“You should always ask a client or potential employer for more money,” negotiation experts like to tell you. “After all, the worst they can say is no.”
But if you’re a soft-spoken, mild-mannered gal who’s not used to ruffling feathers, the word “no” can be scary. And when experts tell you how to negotiate, they don’t tell you how to deal with “no.” So for years, my fear of no kept me from negotiating altogether. Even when I finally started embracing it a few years back, I was always unsure of how I would react if I ever got rejected. Cry in my pillow? Hide in a hole? Those seemed like reasonable options.
And then it happened.
A national news outlet contacted me about writing for their website. It was the biggest client of my career at that point and I didn’t want to screw things up. The problem was, I was in the middle of a negotiation experiment. I promised myself I would ask every single client that came my way — and every existing client — for more money.
The experiment was going well. All of my current clients agreed to pay me more. And when I took on two new gigs and asked for a higher rate, those clients also said yes. “So will you ask this new one for more money, too?” my friend asked. “I don’t think so,” I told her. “I feel like I should just be grateful they’re even interested.” I didn’t want to push my luck. But the thing is, you can be grateful and still ask for more. Plus, “think of how satisfying it’ll be to get to the level where you’re negotiating with a major media outlet,” my friend said. Good point.
So I asked. I asked for a rate of $50 more per article than the client offered, then I held my breath. The worst they can say is no, I thought. They did.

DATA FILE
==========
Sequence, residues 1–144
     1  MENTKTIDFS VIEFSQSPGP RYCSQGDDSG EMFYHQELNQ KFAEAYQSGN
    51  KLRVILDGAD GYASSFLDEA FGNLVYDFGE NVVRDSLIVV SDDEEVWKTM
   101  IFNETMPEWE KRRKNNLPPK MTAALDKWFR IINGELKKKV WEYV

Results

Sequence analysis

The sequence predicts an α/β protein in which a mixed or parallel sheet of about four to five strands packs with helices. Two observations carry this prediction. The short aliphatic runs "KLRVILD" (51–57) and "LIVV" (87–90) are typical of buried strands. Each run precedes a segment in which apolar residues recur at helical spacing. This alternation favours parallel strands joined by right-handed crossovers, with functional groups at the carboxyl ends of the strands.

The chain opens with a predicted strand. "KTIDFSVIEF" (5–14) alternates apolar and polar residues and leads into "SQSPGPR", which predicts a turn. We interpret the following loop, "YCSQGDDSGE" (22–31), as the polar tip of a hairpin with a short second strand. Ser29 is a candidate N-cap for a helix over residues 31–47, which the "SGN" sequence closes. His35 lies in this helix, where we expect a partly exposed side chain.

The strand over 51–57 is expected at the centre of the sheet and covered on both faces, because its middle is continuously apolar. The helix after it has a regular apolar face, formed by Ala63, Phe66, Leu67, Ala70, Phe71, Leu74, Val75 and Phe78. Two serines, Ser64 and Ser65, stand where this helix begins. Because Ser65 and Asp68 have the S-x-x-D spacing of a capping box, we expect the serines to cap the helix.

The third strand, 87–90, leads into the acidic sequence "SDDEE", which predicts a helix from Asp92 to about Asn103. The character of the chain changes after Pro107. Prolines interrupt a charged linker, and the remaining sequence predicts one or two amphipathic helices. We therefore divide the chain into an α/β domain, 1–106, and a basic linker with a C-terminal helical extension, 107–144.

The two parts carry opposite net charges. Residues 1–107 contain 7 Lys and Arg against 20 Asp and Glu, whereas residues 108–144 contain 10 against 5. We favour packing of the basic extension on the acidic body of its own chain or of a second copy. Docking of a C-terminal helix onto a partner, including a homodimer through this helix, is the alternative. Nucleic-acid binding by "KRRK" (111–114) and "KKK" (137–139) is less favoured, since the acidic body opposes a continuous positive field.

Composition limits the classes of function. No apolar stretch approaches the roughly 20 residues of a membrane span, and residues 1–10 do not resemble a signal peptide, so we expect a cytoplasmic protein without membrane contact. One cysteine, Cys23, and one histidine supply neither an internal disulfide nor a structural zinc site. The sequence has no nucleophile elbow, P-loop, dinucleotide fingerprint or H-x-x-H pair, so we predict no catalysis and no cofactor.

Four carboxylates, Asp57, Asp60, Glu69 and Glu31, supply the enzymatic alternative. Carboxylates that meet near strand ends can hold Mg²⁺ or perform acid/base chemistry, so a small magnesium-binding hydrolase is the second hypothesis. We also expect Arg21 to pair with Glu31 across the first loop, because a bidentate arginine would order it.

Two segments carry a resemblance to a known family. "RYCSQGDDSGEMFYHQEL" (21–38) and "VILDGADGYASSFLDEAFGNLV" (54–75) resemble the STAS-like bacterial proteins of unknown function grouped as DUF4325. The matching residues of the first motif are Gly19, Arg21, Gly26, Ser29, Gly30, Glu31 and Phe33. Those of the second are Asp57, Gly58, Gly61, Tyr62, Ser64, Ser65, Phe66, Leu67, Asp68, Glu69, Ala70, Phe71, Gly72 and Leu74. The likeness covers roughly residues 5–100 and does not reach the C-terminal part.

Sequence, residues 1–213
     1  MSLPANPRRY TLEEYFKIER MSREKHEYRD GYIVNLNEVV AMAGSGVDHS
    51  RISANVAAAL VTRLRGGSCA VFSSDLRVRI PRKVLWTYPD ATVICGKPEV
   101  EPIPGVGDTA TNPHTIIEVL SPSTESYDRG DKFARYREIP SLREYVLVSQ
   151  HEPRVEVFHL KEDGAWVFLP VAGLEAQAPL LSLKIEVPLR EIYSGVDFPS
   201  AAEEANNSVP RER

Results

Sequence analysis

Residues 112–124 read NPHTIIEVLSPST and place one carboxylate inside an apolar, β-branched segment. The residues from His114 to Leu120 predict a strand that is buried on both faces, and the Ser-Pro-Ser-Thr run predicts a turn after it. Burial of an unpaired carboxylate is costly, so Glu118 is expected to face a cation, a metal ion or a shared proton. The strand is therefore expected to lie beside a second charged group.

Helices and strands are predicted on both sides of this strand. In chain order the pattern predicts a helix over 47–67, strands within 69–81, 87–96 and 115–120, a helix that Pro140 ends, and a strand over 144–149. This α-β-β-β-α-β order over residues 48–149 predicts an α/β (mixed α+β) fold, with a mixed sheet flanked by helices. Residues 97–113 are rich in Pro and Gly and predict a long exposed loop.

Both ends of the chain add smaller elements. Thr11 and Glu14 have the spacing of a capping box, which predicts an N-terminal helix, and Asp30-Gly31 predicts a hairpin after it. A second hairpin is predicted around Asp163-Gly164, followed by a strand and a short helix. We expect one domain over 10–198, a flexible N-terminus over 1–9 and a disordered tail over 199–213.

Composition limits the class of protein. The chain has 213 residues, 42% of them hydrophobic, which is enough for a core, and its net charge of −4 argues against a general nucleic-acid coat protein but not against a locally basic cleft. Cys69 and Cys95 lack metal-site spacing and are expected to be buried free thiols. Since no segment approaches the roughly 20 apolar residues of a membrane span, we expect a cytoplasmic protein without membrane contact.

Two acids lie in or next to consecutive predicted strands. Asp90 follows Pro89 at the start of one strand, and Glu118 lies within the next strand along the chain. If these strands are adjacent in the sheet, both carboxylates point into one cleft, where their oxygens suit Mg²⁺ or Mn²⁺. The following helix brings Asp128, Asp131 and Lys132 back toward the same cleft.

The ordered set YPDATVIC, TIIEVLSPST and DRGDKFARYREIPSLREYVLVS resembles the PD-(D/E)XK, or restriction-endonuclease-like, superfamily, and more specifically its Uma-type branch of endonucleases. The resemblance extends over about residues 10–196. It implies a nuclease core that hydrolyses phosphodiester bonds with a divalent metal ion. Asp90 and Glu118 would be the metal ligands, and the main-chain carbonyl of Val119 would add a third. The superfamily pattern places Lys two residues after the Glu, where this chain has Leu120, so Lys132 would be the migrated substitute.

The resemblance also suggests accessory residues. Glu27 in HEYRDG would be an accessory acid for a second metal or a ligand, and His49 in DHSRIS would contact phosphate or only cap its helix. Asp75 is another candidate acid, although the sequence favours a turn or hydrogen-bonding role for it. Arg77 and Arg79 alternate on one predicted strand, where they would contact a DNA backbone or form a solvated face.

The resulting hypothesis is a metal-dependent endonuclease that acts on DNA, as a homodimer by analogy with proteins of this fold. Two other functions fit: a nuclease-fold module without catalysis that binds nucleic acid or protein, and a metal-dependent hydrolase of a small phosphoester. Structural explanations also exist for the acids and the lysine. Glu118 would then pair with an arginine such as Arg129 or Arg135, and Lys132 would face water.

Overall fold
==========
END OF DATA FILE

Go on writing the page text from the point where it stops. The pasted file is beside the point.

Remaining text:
“Sorry,” my new editor told me. “That’s not in our budget this year. Maybe in the future.” REJECTED. And guess what? The world didn’t end! They didn’t tell me to get lost! Somehow, life still went on.
And guess what? The world didn’t end! They didn’t tell me to get lost! Somehow, life still went on. But even better than just not being a complete disaster, getting a “no” served a useful purpose in a few ways:
- I felt valued. After spending years undervaluing my work and being underpaid, I now felt like I was getting paid what I was worth. I mean, I did everything I could to earn more with this client, and I was earning as much as I possibly could. I’d never felt that way before.
- I felt less scared. Getting a “no” is the worst that can happen, and when it happens, you realize it’s really not that bad. With that fear gone, it’s so much easier to get up the nerve to ask again.
- I felt empowered. Not only did I get up the nerve to negotiate, I got up the nerve to negotiate with a client I was terrified of losing. I felt confident in my ability to speak up for myself. That made this soft-spoken, mild-mannered gal feel just a wee bit more powerful.
I’m not saying I hope you get a “no.” But when you learn how to negotiate, you might as well lean into it instead of run from it, because running from it only makes it seem so much worse than it actually is. The worst they can say is no, and if you’re not getting a no, there’s always the faint possibility you haven’t completely pushed the limits of your earning potential.